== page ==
Friend of rugby players denies ‘concocting’ story after alleged rape
Rory Harrison is accused of destroying evidence and perverting the court of justice
Rory Harrison arrives at Belfast Crown Court where he is on trial accused of perverting the course of justice and withholding information. Photograph: Michael Cooper/PA Wire
A friend of two Ireland and Ulster rugby players has denied trying to stop their alleged rape victim from going to police and “concocting” a story to save their reputations, a jury has heard.
Rory Harrison, (25) from Manse Road, Belfast, who is accused of destroying evidence and perverting the court of justice, also denied sanitising his police statement and engaging in a “damage limitation” exercise in the aftermath of the alleged rape.
During interview police put it to him he acted like “a knight in shining armour” towards the then 19 year old woman and sent her texts to try calm her down and prevent her going to police.
Paddy Jackson (26), of Oakleigh Park, Belfast has pleaded not guilty to rape and sexual assault in the early hours of June 28th, 2016 at a party in his house. Stuart Olding (24), of Ardenlee Street, Belfast, denies one count of rape on the same occasion. Both men contend the activity was consensual.
Blane McIlroy (26), of Royal Lodge Road, Ballydollaghan, Belfast, has pleaded not guilty to one count of exposure.
The jury heard two days after the alleged rape, Mr Harrison gave a statement to police as a witness and not as a suspect.
‘Crying to herself’
On that occasion Mr Harrison told police he offered to drop her home in a taxi at the end of the party and she agreed. He said there was little conversation and the woman was “crying to herself.”
On October 4th, police re-interviewed Mr Harrison and accused him of leaving out key information in his first statement.
They put it to him the taxi driver had given a statement stating Mr Harrison was on a phone call during the journey in which he said: “She is with me now. She is not good. I’ll call you in the morning.”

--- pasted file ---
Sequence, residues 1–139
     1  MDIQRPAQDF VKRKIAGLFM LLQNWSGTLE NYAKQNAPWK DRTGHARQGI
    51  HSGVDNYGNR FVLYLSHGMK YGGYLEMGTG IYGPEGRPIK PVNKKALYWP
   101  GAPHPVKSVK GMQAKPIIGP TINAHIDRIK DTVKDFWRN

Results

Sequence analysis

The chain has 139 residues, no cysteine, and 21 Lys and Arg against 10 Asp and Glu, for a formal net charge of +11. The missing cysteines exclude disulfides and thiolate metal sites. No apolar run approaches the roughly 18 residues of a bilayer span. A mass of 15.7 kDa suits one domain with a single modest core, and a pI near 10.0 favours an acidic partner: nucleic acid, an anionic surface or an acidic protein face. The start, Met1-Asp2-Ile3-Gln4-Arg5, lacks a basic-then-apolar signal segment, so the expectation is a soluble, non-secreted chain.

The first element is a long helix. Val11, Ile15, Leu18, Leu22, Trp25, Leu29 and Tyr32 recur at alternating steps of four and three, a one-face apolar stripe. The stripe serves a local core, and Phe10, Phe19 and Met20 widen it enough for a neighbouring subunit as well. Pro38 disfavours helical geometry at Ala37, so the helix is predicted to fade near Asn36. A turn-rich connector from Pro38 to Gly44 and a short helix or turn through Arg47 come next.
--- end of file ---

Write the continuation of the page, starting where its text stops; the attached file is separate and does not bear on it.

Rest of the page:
When asked why he did not mention the phone-call in June, Mr Harrison said he had no recollection of it.
Officers also asked him about a text he received from the woman after he dropped her home which stated “what happened tonight was not consensual.” They asked him why he did not mention this to the other accused when he met them for lunch the next day. He replied he “kind of forgot about it.”
He said they did not discuss the encounter with the woman during lunch. He denied the purpose of the lunch was to “concoct” a story about what happened in Mr Jackson’s bedroom.
In his witness statement, Mr McIlroy told police Mr Harrison phoned him two days after the alleged rape to tell him Mr Jackson and Mr Olding had been taken in for questioning because a “girl from Monday night might have cried rape”.
Police asked Mr Harrison how he knew it was a rape accusation at that point when the PSNI officer who took his first statement had only said it was assault.
He replied he assumed it was rape because there had been a lot of stories in the news of high-profile sportsmen being accused of rape like “Adam Johnson and another guy, another English footballer.”
“You don’t really see high profile sports stars accused of anything else,” he added.
He denied leaving out key details from his statement, saying he answered everything the police asked and he thought that was how a witness statement worked.
The trial continues before Judge Patricia Smyth and a jury of eight men and three woman. One juror was excused from further service due to illness.